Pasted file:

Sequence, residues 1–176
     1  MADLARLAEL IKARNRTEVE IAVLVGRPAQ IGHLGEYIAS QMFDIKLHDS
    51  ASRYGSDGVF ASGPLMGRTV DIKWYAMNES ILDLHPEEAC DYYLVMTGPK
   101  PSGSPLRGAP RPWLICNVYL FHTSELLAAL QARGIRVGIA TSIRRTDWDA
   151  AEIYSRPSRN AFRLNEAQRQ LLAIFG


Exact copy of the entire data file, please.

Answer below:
Sequence, residues 1–176
     1  MADLARLAEL IKARNRTEVE IAVLVGRPAQ IGHLGEYIAS QMFDIKLHDS
    51  ASRYGSDGVF ASGPLMGRTV DIKWYAMNES ILDLHPEEAC DYYLVMTGPK
   101  PSGSPLRGAP RPWLICNVYL FHTSELLAAL QARGIRVGIA TSIRRTDWDA
   151  AEIYSRPSRN AFRLNEAQRQ LLAIFG